What would using a throttle lock get me, that just readjusting my grip, would not?

I dont really feel like I have to "hang on" against the headwind.
It gets you the ability to completely relax your grip and exercise your hand......as well and zipping up your jacket and a few other things.  smilewinkgrin
 
If the wind is still hitting you in the chest or shoulders, then you ARE hanging on with some part of your body.
If your right hand is always on the grip, that is likely a big "anchor point" and you just aren't aware of it.
 
 


 
 

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Smitty
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   Posted 7/29/2011 10:30 AM (GMT -7)    Quote This PostAlert An Admin About This Post.

This comes up quite often with new riders.  Now the sort of cruise contol seems best to most if they are riding cruisers & on normal flat roads.  That is especially if you have a lot of flat roads.

I spend most of my hrs up in the Cdn Rocky Mountain roads with a lot of twisties & since I am riding a sportbike it would even be worse.

Still if you are going to a gym, then work of you hands, wrists or arms OR if you have a set of proper dumb bells THERE is the answer if you work out a bit.  I do this especially in the winter time.  YET will agree on my lst 5+ to 7+ hr run I will feel it a bit at the end of the day.

Can assure you when younger & doing a lot of dirt competition like flat tracking, scrambling, Enduros, Observed Trials, Cross Country Racing all starting out in 1947, THAT was the reason I was at the YMCA to see these guys rolling around on mats & found it was called Free Style Amateur Wrestling & even in my 50s I became a Certified Amateur Wrestling Coach up till '66.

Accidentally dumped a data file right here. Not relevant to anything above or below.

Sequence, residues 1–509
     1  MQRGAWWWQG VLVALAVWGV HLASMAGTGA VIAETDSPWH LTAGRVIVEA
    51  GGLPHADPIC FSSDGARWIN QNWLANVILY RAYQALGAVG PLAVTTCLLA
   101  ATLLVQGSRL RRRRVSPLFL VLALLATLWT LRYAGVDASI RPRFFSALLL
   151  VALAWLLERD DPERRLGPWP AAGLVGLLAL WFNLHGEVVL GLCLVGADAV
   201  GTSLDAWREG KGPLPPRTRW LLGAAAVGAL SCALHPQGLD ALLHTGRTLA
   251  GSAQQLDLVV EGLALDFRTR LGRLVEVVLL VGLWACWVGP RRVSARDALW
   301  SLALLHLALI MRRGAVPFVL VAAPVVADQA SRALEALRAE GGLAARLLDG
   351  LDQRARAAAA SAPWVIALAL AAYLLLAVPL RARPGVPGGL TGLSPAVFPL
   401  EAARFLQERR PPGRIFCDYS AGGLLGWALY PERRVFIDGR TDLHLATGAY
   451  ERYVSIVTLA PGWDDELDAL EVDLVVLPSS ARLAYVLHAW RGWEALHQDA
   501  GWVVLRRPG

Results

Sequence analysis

Mind you I feel it when doing a lot of h/gun shooting for believe me a 45ACP semi-auto does kick though more to my right shoulder for I am right handed.



Remember all the others on the road are crazy & out to kill you.

Post Edited (Smitty) : 7/31/2011 4:00:32 PM GMT

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GAJ
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   Posted 7/29/2011 4:08 PM (GMT -7)    Quote This PostAlert An Admin About This Post.
You know, a few months back I started developing tingling and numbness in the right hand.

It is now completely gone.

My solution?

Moved using my computer mouse from my right hand to my left hand.

Took about 2 weeks for all those effects to disappear completely!